Flamboyant, foolhardy documentary filmmaker, Carl Denham, sails off to remote Skull Island to film his latest epic with leading lady, Ann Darrow. Native warriors kidnap Ann to use as a sacrifice as they summon "Kong" with the local witch doctor. But instead of devouring Ann, Kong saves her. Kong is eventually taken back to New York where he searches high and low for Ann, eventually winding up at the top of the Empire State Building, facing off against a fleet of World War I fighter planes.
For more about King Kong 4K and the King Kong 4K Blu-ray release, see King Kong 4K Blu-ray Review published by Martin Liebman on July 13, 2017 where this Blu-ray release scored 4.5 out of 5.
Director: Peter Jackson
Writers: Peter Jackson, Fran Walsh, Philippa Boyens, Merian C. Cooper, Edgar Wallace
Starring: Naomi Watts, Jack Black, Adrien Brody, Thomas Kretschmann, Colin Hanks, Andy Serkis
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Codec: HEVC / H.265 (46.54 Mbps)
Resolution: Upscaled 4K (2160p)
Aspect ratio: 2.35:1
Original aspect ratio: 2.39:1
Three-disc set (1 BD-100, 2 BD-50)
UV digital copy
iTunes digital copy
Bonus View (PiP)
4K Ultra HD
Slipcover in original pressing
Region A (B, C untested)
King Kong's UHD release offers a substantial upgrade over the previously released VC-1 encoded Blu-ray, even as the UHD is not perfect and has likely been sourced from a 2K digital intermediate. The movie occasionally struggles to maintain an organic, filmic, natural look, partly due, it seems, to various visual effects shots and inserts that show their inherent weakness on the format. There's a certain artificiality to parts of the movie, particularly around those digital backgrounds. Closer, real textures sometimes suffer, too, but to a much lesser degree, with a sense of flatness and smoothness that often gives way to a much sharper presentation. The increase in sharpness and clarity over the Blu-ray is remarkable. There's a richness to complexity that's never apparent on the Blu-ray. Every element -- skin, period clothes, physical props -- reveal a high level of enhanced clarity beyond the 1080p image. It's a remarkable boost, for the most part, particularly once one gets beyond that artificiality that hangs over various scenes. The level of increase in clarity is often breathtaking. HDR color improvements are obvious as well. Greater color distinction and vividness are obvious from the get-go. Shading and saturation are much more fluid, highlights are more precise, and transitional nuance is greatly improved, particularly in many of the first act's more amber-influenced scenes. Jungle greens are not quite so brilliant but they are more lively and more richly saturated. Backs -- Kong fur or shadow detail on some of the darker terrain in the movie -- are much more firm and stable. Flesh tones are fuller and much better defined. this is a substantial improvement over the Blu-ray. Note that the review score for the Blu-ray dates back many years and is from a different reviewer. A lower numerical score for the UHD is not an error but rather an unavoidable limitation of the scoring system.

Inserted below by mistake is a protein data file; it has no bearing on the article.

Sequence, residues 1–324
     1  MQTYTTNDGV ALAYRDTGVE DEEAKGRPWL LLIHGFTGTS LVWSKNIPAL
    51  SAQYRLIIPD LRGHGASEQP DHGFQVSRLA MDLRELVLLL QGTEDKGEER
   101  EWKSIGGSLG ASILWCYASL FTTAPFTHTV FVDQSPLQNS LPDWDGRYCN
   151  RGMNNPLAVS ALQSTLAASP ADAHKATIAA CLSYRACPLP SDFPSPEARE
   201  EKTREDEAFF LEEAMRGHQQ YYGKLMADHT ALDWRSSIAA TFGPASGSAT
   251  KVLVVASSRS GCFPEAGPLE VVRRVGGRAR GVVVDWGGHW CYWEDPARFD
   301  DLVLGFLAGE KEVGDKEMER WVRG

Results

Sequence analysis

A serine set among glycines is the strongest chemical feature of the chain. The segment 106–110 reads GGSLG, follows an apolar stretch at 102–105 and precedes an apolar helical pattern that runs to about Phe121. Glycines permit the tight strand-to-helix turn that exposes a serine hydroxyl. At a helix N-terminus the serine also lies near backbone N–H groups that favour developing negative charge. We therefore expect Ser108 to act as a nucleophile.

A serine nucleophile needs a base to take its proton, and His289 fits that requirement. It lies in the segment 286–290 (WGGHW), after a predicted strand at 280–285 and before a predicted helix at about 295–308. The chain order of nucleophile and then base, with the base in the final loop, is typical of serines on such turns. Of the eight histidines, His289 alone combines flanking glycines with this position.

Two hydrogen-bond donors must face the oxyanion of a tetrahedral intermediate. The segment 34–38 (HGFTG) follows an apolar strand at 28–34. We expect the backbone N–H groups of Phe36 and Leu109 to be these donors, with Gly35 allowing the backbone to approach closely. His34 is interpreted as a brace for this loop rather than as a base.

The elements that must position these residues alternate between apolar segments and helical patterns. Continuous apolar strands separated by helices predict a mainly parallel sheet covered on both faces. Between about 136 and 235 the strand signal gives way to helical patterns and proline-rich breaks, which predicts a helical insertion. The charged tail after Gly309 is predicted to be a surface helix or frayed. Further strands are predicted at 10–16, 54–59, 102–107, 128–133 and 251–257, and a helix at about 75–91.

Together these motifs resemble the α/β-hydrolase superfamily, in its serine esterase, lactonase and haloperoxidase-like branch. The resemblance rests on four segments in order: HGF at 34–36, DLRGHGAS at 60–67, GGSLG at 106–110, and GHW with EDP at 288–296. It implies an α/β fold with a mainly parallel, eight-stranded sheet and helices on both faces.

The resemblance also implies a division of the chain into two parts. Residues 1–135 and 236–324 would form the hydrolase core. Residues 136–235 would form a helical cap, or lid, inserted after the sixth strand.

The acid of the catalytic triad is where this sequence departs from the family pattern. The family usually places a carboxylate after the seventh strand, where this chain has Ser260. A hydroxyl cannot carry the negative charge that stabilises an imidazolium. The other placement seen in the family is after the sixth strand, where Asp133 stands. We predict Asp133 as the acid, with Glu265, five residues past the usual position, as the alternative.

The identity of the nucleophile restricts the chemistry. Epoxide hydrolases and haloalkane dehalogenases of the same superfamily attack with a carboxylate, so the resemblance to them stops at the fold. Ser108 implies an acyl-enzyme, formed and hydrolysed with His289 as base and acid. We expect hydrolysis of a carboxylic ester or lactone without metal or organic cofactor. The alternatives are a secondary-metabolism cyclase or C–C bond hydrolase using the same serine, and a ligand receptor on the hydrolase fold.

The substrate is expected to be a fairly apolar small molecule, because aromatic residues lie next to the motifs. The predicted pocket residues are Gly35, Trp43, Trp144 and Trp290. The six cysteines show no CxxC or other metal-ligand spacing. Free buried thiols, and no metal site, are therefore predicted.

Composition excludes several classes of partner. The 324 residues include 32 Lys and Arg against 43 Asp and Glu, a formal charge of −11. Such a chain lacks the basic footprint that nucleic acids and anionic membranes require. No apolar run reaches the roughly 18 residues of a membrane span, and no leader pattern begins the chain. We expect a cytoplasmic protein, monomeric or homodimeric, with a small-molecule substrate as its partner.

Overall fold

The film's previous DTS-HD Master Audio 5.1 lossless soundtrack was well-received at the time it was reviewed and holds up very well today. The DTS:X Master Audio track isn't a revelation over it but the improvements and refinements are evident and the increased spacing is a major boost. Certainly the film's many thunderous effects, those bass-heavy, furniture-rumbling moments are maintained here with an added benefit of improved spacing along three axes. What was thunderous then remains thunderous now, but with an increased sense of fullness and natural vitality. But it's perhaps the jungle atmospherics where the track finds its calling. The sense of wide-open place is greatly expanded here with all of the minor, but mood-critical, little insect, flowing water, blowing foliage, and scampering creature details creating a more believably rich and expansive atmosphere. Listeners are pulled into the world alongside the party, immersed in the world in a way that is perhaps even more crucial to the film than the improved clarity the UHD video offers. Indeed, both action and environmental elements feature greatly improved coverage and saturation, more seamless movement and more precise location specific placement. With dialogue remaining firm and well prioritized, this is nothing short of an outstanding track from Universal.